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Lesson Plans


Token Response Game

[ Thread ][ Subject ][ Author ][ Date ]
CRIZMACinc
Mon, 31 Aug 1998 16:37:23 EDT


Several people wrote asking what the "Token game" is. It is an interactive
game that helps students learn about art criticism and aesthetics, created by
Dr. Mary Erickson and Dr. Eldon Katter. It contains a set of eight tokens (30
each) that represent different ideas about art. The tokens represent personal
preference, ecoonomic considerations, time expenditure, preference of others,
originality, craftsmanship, judgement, and dislike. There are many ways to
play the game, making it applicable to all age groups. One example of a way to
play the game is to put out several postcards or small prints of artworks on a
table. Have each student examine the works. Pass out one token to each student
and ask them to place their token by the postcard that fits the idea the best
in their opinion (the "heart" token represents the work they personally like
the best, the "dollar bill" token the one they think is worth the most money,
etc.) The game is really a discussion tool, as after the students make their
choices, you lead them in a discussion about their choices and the reasons why
they made them. They discuss ideas about the value of art, originality, and
beauty, to name a few. It is also fun to examine patterns that occur, such as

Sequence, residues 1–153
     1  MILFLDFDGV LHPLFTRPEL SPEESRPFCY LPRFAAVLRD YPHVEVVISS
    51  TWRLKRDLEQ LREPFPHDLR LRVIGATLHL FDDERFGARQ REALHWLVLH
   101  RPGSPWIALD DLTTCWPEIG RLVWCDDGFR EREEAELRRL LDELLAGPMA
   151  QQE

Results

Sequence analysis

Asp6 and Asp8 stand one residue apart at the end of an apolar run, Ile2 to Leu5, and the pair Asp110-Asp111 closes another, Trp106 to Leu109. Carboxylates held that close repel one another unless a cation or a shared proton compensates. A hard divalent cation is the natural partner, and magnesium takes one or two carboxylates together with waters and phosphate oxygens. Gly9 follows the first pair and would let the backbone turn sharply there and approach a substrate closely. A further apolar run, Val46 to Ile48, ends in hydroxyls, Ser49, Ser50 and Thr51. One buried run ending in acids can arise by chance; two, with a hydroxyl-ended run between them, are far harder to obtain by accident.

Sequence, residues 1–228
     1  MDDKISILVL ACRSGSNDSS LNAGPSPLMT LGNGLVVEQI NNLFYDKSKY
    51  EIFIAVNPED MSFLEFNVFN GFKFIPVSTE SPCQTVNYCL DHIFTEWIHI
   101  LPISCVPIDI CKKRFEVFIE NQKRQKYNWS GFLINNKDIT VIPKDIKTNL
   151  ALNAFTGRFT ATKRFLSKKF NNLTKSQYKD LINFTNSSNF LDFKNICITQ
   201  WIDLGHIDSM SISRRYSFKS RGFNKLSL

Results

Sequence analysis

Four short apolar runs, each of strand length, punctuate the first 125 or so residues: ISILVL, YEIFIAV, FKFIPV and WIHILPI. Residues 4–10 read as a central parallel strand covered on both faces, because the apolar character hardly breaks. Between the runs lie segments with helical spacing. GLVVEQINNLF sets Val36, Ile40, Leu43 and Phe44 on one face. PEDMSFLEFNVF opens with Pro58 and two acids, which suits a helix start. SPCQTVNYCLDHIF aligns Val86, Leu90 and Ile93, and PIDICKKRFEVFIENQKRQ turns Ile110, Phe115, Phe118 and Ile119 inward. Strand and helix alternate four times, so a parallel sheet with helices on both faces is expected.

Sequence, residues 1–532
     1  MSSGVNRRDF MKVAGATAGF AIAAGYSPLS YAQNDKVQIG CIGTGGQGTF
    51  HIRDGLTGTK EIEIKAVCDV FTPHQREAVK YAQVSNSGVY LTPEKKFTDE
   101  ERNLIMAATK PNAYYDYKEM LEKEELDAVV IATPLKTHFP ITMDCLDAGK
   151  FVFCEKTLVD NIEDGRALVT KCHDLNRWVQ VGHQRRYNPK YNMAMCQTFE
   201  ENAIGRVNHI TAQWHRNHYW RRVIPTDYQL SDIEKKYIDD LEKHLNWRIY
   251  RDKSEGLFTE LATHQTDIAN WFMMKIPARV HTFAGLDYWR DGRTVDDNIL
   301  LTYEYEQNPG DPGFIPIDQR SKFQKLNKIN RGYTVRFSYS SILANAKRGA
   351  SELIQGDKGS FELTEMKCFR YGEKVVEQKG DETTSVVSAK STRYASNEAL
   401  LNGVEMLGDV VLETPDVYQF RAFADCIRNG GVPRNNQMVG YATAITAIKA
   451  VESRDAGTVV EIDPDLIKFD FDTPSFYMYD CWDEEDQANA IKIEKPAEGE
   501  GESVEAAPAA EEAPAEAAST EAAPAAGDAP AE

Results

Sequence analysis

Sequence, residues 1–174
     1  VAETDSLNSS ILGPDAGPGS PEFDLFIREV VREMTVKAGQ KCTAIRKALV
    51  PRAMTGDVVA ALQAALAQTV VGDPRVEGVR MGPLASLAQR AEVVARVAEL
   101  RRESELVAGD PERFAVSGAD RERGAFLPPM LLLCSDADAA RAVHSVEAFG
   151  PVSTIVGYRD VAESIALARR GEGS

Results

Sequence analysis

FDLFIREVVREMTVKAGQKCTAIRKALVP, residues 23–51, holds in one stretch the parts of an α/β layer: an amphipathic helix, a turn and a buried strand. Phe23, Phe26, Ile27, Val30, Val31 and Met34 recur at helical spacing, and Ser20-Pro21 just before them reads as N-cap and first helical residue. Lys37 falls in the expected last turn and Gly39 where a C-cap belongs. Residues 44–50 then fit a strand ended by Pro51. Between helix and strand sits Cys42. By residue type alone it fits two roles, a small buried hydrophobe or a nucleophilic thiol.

if many students choose one artwork as the one they like the best, but another
for which they think shows the most craftsmanship. You can ask them why
similarities and differences of opinion ocurr. Token Response can be used over
and over with any combination of images, depending on your lesson. The game
also comes with reproducible handouts in Spanish and English and a teacher's
guide with ideas for how to use it in the classroom and on museum field trips.

To respond about Ruth Altman's class where not every student is participating,
one thing to do is to pass out post-it notes to each student before you start
the game and tell them to write out their reasons for placing the tokens where
they did, and then have them stick the notes on their token. After everyone
has placed their tokens with the written reasons attached, you can ask more
specific questions directed to the answers they have already provided. You can
even ask quiet students which response was their's and to elaborate on what
they had said. Or, you can choose a pair of similar responses and ask the
students who made those choices to work together on creating an answer to your
questions.

Eldon Katter and Mary Erickson have created other game/discussion resources:
Artifacts, Philosophy & Art, and Artery.

Please feel free to call for a catalog and for more information about these
games. Thanks for your interest!

Amy Metcalfe
CRIZMAC Art & Cultural Education Materials, Inc.
(800) 913-8555
crizmacinc
www.crizmac.com